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Think about how new things can affect what you already have

In particular, consider whether new things you're working on can destroy what you've already built.

Building new things requires measuring them

When starting work on a new initiative, it’s essential to consider how to measure it, if it’s working and if it’s having the desired effect.

That means measuring potential side-effects as well

Considering how it could negatively impact what you’ve already built should also be considered.

In some cases, it’s even more important to consider the potential side effects.

Unintended side effects can not only ruin your existing experiment but what you’ve built so far. They can actively set you back.

For instance, in Supplybunny, we implemented location selection for addresses. The aim was to improve the delivery. But we didn’t consider that it’s a significant addition to the new user funnel and that it could seriously impact our conversion rates.

From then on, we made asking “What harm can it do?” a regular part of our product discussions.

It can make existing things worse

In the worst case, it lowers customer conversions, as in the example above.

Another scenario to consider is where an improvement is positive for new customers but negative for existing customers.

There are also technical considerations. Some features might have a significant impact on performance, maintainability or scalability.

So, ask “What harm can it do”

Asking what harm can it do should make you think more conservatively about implementing new features. I think that is a good thing because most of us are biased towards creating new things a bit too much. Many companies have too many new initiatives that they don’t execute properly.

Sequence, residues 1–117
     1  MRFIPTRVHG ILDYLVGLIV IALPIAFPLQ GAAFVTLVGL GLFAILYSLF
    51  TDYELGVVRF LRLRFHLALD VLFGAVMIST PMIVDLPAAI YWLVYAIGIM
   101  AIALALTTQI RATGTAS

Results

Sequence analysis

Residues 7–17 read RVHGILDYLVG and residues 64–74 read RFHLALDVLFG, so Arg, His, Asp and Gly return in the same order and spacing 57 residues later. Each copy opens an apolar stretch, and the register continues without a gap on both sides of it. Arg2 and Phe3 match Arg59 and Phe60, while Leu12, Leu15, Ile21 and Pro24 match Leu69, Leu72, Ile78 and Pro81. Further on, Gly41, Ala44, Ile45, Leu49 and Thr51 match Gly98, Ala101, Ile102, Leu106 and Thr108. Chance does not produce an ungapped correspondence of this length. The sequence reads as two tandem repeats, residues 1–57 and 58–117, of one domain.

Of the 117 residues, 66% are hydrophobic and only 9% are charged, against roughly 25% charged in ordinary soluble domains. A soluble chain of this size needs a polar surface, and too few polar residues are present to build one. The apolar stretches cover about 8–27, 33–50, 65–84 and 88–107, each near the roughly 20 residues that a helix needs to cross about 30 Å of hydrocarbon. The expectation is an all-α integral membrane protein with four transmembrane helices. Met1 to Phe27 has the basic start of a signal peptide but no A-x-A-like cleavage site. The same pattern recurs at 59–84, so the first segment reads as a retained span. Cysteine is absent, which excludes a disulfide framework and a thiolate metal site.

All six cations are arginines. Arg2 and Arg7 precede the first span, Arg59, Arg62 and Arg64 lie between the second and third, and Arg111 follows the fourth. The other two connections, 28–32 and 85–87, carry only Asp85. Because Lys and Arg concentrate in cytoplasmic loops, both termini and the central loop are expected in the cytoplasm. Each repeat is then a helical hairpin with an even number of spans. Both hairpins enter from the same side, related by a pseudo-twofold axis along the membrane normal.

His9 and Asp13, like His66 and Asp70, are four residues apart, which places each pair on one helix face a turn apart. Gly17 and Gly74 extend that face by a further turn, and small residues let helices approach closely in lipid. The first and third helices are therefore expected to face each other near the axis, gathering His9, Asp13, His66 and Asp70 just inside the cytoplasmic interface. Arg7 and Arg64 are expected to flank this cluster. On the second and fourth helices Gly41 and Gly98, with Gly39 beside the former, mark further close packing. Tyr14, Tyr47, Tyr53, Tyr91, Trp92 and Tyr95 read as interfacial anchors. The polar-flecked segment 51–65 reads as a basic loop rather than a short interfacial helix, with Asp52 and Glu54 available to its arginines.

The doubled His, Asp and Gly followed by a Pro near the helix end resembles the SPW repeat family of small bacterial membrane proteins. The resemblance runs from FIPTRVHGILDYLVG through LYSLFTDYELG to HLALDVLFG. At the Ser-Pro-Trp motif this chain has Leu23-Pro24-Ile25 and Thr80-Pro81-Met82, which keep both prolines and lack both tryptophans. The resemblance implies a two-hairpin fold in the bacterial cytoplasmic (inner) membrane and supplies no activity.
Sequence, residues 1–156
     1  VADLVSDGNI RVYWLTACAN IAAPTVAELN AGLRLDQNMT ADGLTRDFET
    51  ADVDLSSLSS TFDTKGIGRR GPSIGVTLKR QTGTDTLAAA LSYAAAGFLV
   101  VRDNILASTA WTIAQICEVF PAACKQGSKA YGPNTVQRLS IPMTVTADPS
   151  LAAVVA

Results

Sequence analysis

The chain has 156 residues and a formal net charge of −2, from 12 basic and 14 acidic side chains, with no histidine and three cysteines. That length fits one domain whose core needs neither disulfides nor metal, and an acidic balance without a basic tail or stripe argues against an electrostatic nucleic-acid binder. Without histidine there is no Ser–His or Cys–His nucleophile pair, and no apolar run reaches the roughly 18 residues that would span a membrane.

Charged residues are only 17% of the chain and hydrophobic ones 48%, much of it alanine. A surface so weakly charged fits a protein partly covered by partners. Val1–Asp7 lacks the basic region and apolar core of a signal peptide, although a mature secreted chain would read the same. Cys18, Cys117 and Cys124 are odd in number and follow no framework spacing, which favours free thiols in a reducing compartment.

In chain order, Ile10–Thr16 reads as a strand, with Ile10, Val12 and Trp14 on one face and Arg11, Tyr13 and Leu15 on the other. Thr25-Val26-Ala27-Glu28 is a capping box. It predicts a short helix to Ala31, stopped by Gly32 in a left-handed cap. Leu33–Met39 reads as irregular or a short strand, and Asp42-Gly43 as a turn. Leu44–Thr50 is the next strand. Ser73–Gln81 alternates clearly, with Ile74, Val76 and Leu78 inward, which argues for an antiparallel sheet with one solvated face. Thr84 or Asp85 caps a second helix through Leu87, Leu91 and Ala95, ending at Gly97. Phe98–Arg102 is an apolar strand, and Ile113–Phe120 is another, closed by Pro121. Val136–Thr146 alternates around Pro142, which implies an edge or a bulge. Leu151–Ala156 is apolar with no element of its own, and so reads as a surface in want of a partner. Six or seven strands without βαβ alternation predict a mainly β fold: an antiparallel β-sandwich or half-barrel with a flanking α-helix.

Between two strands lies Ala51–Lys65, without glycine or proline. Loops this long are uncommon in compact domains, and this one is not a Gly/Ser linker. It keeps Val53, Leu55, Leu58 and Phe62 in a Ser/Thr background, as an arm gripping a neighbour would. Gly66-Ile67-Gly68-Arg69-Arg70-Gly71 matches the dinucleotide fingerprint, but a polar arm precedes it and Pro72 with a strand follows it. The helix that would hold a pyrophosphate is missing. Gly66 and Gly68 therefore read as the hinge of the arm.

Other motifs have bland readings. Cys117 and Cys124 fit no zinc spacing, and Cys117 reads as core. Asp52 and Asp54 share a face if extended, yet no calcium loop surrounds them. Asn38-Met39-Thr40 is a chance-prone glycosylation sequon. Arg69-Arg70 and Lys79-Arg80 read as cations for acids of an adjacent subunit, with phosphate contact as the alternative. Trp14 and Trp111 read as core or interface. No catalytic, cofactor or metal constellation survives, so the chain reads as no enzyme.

Considering the potential side effects also makes you put more thought into designing a feature.

For quality-of-life improvements, it’s also a good bell-weather if you should do it at all. If it doesn’t have a huge upside but can potentially harm something, then there’s no reason to do it. If it has a big potential upside, is quick to do, but doesn’t harm anything, then you might as well do it.

If something needs a detailed study into its impacts, there are probably better things to work on.

But it can make other things better too

The converse effect is that you should think about what else can be improved as a result.

The location change mentioned above, for example, allowed us to display more accurate shipping costs across the entire platform because we had the users’ information.

At the start, it’s often difficult to tell the complete impact a change might have. But by regularly asking this question during your design process, you will not only build better and more complete things, but you will understand your business better.

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